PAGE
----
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JYMS : Journal of Yeungnam Medical Science

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Yeong Uk Kim 3 Articles
Novel cystography parameter to predict early recovery from urinary continence after radical prostatectomy for prostate cancer: a retrospective study
Yeong Uk Kim
J Yeungnam Med Sci. 2023;40(3):252-258.   Published online July 21, 2022
DOI: https://doi.org/10.12701/jyms.2022.00311
  • 2,347 View
  • 88 Download
  • 1 Web of Science
  • 1 Crossref
AbstractAbstract PDF
Background
The purpose of this study was to investigate whether postoperative cystography findings can predict early and long-term recovery from incontinence after radical prostatectomy (RP), compared with the other cystography parameters.
Methods
I retrospectively reviewed 118 patients who underwent robot-assisted RP (RARP) for localized prostate cancer at single institution between January 2016 and April 2021. One hundred and seven patients were included in the study. Postoperative cystography was routinely performed 7 days after surgery. The bladder neck to pubic symphysis ratio, vesicourethral angle, and bladder neck anteroposterior length (BNAP) ratio (the bladder neck-posterior margin distances divided by the anteroposterior lengths) were evaluated. Continence was defined as cessation of pad use. The association between these variables and urinary incontinence was also analyzed.
Results
The urinary incontinence recovery rates 1, 3, 6, and 12 months after RARP were 43.92%, 66.35%, 87.85%, and 97.19%, respectively. Multivariate logistic regression analysis demonstrated that a lower BNAP ratio and wider vesicourethral angle were significantly associated with continence restoration at 1, 3, and 6 months after surgery. In addition, in terms of days of pad usage, lower BNAP ratio, wider vesicourethral angle, and bladder neck preservation were significantly associated with recovery from urinary incontinence within 12 months as assessed by Cox proportional hazard analysis.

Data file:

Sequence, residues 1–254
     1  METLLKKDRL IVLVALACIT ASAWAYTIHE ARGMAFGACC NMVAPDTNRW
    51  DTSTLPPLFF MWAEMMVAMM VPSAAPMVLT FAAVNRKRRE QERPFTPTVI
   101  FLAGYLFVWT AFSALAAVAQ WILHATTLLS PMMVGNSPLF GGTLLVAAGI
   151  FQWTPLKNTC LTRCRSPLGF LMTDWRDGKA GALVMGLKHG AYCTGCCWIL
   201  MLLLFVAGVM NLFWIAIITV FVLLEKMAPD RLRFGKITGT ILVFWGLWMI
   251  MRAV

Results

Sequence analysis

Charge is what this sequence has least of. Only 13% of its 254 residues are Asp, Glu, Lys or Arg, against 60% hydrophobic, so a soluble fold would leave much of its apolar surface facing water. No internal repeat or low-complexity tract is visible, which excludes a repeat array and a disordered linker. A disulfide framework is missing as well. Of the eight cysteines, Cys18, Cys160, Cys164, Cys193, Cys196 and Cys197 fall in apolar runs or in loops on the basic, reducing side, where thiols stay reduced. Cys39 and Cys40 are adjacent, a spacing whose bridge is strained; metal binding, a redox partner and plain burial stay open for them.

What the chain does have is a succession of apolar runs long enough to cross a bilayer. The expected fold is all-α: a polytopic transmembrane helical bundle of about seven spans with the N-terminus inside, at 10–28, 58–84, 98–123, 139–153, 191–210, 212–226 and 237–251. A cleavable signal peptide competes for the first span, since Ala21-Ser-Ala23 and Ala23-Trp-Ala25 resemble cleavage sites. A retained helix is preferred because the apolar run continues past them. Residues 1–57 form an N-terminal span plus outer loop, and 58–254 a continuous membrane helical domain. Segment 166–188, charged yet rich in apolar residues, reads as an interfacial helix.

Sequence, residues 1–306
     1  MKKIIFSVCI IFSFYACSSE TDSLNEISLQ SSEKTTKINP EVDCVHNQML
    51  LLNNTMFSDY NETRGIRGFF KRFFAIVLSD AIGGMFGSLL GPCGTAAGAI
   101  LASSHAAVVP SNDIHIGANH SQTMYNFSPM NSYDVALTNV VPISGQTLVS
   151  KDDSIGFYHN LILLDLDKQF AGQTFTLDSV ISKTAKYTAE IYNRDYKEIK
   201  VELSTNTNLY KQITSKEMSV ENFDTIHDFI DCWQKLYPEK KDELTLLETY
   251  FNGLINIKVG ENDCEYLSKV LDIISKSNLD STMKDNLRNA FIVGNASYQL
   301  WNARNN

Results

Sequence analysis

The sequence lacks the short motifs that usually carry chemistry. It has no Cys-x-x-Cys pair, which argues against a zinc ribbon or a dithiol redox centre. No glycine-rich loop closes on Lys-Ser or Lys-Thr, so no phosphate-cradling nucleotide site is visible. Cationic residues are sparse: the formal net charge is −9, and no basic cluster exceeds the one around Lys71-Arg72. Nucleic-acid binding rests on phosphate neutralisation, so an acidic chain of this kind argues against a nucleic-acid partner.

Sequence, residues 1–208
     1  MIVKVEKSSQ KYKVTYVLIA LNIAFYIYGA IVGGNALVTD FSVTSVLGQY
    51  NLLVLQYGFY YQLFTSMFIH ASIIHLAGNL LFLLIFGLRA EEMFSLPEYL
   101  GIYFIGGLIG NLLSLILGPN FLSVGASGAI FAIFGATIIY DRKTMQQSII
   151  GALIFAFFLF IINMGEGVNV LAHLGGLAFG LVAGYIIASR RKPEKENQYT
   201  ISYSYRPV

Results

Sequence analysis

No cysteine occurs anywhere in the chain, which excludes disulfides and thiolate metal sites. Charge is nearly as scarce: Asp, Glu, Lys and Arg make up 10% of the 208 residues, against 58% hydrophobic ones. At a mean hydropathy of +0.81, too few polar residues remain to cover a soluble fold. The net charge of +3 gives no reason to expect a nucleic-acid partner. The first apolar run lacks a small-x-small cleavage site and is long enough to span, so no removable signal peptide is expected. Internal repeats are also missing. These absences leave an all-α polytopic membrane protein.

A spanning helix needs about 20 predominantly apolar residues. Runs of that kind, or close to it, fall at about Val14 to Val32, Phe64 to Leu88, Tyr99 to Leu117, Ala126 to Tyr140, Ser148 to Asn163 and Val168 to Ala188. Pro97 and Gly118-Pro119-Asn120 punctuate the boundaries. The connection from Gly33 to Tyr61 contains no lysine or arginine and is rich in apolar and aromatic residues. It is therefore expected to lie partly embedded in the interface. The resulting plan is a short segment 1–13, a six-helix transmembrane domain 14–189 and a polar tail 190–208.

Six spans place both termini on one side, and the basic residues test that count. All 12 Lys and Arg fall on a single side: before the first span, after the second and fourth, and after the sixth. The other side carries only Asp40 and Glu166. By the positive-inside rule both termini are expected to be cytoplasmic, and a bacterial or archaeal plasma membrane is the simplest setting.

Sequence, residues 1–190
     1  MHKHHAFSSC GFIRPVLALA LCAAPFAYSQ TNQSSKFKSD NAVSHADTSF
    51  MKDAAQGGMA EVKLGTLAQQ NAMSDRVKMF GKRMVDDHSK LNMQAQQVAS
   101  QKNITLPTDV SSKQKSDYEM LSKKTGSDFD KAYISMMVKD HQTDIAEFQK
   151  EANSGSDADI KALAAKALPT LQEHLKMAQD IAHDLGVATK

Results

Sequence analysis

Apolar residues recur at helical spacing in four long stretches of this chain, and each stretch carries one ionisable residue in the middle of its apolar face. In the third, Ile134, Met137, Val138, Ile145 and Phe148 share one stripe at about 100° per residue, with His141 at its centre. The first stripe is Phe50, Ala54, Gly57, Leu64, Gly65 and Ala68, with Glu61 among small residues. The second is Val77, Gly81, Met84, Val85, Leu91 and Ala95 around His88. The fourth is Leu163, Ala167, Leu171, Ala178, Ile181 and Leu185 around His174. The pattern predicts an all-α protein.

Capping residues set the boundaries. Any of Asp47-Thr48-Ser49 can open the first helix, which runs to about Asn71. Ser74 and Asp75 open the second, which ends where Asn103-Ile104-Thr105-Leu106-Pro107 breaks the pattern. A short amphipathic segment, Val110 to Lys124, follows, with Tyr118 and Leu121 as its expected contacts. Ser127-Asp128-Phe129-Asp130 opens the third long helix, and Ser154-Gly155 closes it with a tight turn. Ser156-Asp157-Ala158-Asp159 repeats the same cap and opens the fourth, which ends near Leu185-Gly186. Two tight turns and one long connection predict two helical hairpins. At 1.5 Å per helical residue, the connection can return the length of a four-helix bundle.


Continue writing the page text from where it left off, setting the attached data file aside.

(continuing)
Conclusion
This study demonstrated that vesicourethral angle and BNAP ratio were independent predictors of early recovery from post-prostatectomy incontinence. I suggest that both the sagittal and coronal views of postoperative cystography help anticipate early continence restoration after RARP.

Citations

Citations to this article as recorded by  
  • A single‐center retrospective comparative analysis of urinary continence in robotic prostatectomy with a combination of umbilical ligament preservation and Hood technique
    Hiroaki Shimmura, Taro Banno, Kazutaka Nakamura, Anju Murayama, Haruki Shigeta, Toyoaki Sawano, Yukiko Kouchi, Akihiko Ozaki, Fumito Yamabe, Junpei Iizuka, Toshio Takagi
    International Journal of Urology.2023; 30(10): 889.     CrossRef
Pelvic floor muscle exercise with biofeedback helps regain urinary continence after robot-assisted radical prostatectomy
Yeong Uk Kim, Dong Gyu Lee, Young Hwii Ko
Yeungnam Univ J Med. 2021;38(1):39-46.   Published online June 22, 2020
DOI: https://doi.org/10.12701/yujm.2020.00276
  • 6,844 View
  • 167 Download
  • 2 Crossref
AbstractAbstract PDF
Background
To determine the benefit of pelvic floor muscle exercise with visual biofeedback on promoting patient recovery from incontinence, we investigated variables associated with the early restoration of continence for patients who underwent robot-assisted radical prostatectomy.
Methods
Of the 83 patients enrolled, 41 consecutive patients completed pelvic floor muscle exercise (the exercise group), and the other 42 consecutive patients just before the pelvic floor muscle exercise program commenced (the control group). The primary outcome was whether pelvic floor muscle exercise engagement was associated with zero pad continence restoration within 3 months of surgery.